Many destinations are described as being “a step back in time” for travellers – but in Ethiopia you can take this literally. The Ethiopian calendar is seven years and nine months behind our own. The timeshift is perhaps the first indication that you have arrived somewhere very, very different – but it is not the last. The senses are bombarded with “otherness” in Ethiopia, from the sight of the strange, calligraphic script to the eerie sound of Orthodox chants mixing with Islamic calls to prayer, and the fiery flavoured stews served atop giant, sour pancakes.
As you traverse from North to South, past the sunken rock-hewn churches of one of the world’s oldest Christian nations, through the verdant, lake-splashed Rift Valley, glimpsing the strange, endemic wildlife of the highlands, reaching the clay and ochre-smeared tribes of the Omo Valley – Ethiopia’s uniqueness is inescapable and overwhelming. Our Ethiopia travel guide leads you along the ancient trails of this little understood nation.
Islam’s fourth holiest city covers just a single square kilometre in eastern Ethiopia, in this walled citadel with over 80 mosques and 360 labyrinthine alleyways dating back up to 1,000 years. The elegant Islamic architecture, colourful robes and ancient markets seemed to have altered little since then. One of Harar’s main draws is the feeding of the hyenas, a nightly ritual which deters the predators from attacking livestock.
Africa’s Great Rift Valley rips a great scar through the middle of Ethiopia, where lakes have bubbled up and forests have sprung from the ground. The warmth and humidity are a welcome break from the harsh highlands, and journeys up and down the valley reveal a variety of cultures and traditions, where life revolves around market days, traditional ceremonies, farming and weaving – all scarcely touched by tourism.
It is possible to see lion, buffalo, hippo and zebra in Ethiopia, but those after a traditional East African safari experience will be disappointed. What Ethiopia does best is uniqueness, and this extends to its fauna. Gelada baboons, Ethiopian wolves, mountain nyalas and even the comical, big-headed mole rat can all be found roaming the isolated highlands – rare, fascinating and totally unique to Ethiopia.
Local musicians and influences from the diaspora have created a strangely seductive blend of African rhythms, Middle Eastern melodies and traditional Ethiopian folk sounds fused with jazz – the krar being the most distinctive instrument. You’ll hear plenty of it on the car radio, but if you can get to a cultural show in Addis, you’ll see the madly energetic dance that accompanies it.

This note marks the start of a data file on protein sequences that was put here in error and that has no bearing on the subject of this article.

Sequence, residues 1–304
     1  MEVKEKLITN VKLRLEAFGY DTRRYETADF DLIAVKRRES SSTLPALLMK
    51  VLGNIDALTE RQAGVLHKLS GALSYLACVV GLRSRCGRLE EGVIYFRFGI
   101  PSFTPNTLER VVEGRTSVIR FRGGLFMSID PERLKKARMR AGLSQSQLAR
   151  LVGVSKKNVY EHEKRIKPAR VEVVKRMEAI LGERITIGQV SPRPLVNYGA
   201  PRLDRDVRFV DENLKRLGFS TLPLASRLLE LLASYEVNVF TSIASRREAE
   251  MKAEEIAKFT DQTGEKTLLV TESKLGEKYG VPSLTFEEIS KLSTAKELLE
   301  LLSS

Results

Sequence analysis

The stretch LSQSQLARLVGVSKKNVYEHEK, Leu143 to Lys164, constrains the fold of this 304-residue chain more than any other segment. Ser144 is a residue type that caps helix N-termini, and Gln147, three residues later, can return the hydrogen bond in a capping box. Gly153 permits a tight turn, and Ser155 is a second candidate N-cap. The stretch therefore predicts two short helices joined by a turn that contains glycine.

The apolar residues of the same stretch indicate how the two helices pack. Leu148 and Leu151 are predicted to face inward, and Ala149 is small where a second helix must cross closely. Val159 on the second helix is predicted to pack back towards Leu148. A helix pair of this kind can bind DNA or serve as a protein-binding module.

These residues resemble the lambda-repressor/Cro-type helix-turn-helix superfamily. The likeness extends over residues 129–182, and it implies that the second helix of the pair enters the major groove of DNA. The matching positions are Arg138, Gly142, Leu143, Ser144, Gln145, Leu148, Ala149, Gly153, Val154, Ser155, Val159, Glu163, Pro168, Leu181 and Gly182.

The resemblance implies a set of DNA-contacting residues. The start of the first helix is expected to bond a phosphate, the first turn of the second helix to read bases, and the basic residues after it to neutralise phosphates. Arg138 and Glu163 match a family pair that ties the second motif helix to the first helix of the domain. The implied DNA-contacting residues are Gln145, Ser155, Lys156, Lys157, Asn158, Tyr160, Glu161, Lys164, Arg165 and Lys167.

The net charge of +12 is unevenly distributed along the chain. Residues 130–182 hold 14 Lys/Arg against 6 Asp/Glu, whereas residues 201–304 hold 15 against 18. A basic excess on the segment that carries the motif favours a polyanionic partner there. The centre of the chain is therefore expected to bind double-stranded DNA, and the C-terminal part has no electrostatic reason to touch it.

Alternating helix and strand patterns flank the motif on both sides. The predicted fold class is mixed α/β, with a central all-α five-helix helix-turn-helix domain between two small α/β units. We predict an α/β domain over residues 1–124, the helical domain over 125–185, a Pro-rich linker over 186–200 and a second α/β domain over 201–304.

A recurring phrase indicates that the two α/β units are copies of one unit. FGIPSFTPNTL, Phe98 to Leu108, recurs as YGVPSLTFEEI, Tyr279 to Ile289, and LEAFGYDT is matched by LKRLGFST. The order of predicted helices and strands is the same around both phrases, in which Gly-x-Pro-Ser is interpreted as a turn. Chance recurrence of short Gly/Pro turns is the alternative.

These 11 rock-hewn churches – up to 13m high – were created in the 13th century, and are the closest thing Ethiopia has to a ‘big’ tourist attraction. They were freed entirely from the rock with just hammers and chisels, and are complete with elaborate windows, columns and roofs. Lalibela remains very much a living cultural site; 1,000 of its 10,000 residents are priests, and the churches are the focal points for ceremonies, vigils and processions.
The jagged peaks and deep gorges of this mist-shrouded national park are home to Ethiopia’s most striking wildlife: gelada baboons, Walia ibex and lammergeyer vultures. Millions of years of erosion has created a jaw-dropping landscape, recognised by UNESCO. Surreal Afro-Alpine cling to the steep slopes, over 3,600m high. Single or multi-day treks with local guides offer an insight into life on the ‘roof of Africa’.
A trip to the Omo Valley is to discover the Africa of old, of warrior tribes and pastoralists, or body adornments and blood-drinking hunters. But to go beyond the tourist shows, stay in a community tukul in Konso or Dorze, visit the colourful markets of the north, join a frankincense-scented coffee ceremony and trek the highlands with a village guide.
Using a local guide doesn’t just mean someone from Ethiopia; in a country with dozens of languages, cultural traditions, varied religions and local festivals, you really need a new guide in each place you visit. In Lalibela, local guides know the history of the churches by heart, while in the Omo Valley they can chat to the tribes to avoid cultural conflicts and encourage interaction.
Africa’s highest capital is a largely modern city, but not in a ‘good’ way. It is filled with blocky, half-finished buildings, chaotic traffic and the sounds of construction. If you’re passing through, though, don’t despair; on arrival, the National Museum provides a fantastic historical introduction to Ethiopia – dating back 3.2 million years, and before departure the Merkato and craft stalls are great places to spend your last birr.
Blue Nile Falls
Search for images of the Blue Nile Falls, and you’ll see a stunning, smaller version of cascading greats such as Victoria Falls or Iguazu. So visitors to the falls today may be confused to encounter a muddy trickle. The damming of the river for a hydroelectric plant now cuts off the flow most days; rumour has it that it’s left to flow on weekends, but this doesn’t seem reliable. August and September see the strongest flows.
Living with a tribe
The tribes of the Omo Valley are fascinating, but interacting with the daily tide of visitors is, for them a day job. You can’t expect to stay in a local village or join a local festivity any more than you would in any other country; these people have livestock to tend to and lives to lead, and for the most part, they’d like to keep some aspects of their lives private from camera-wielding tourists.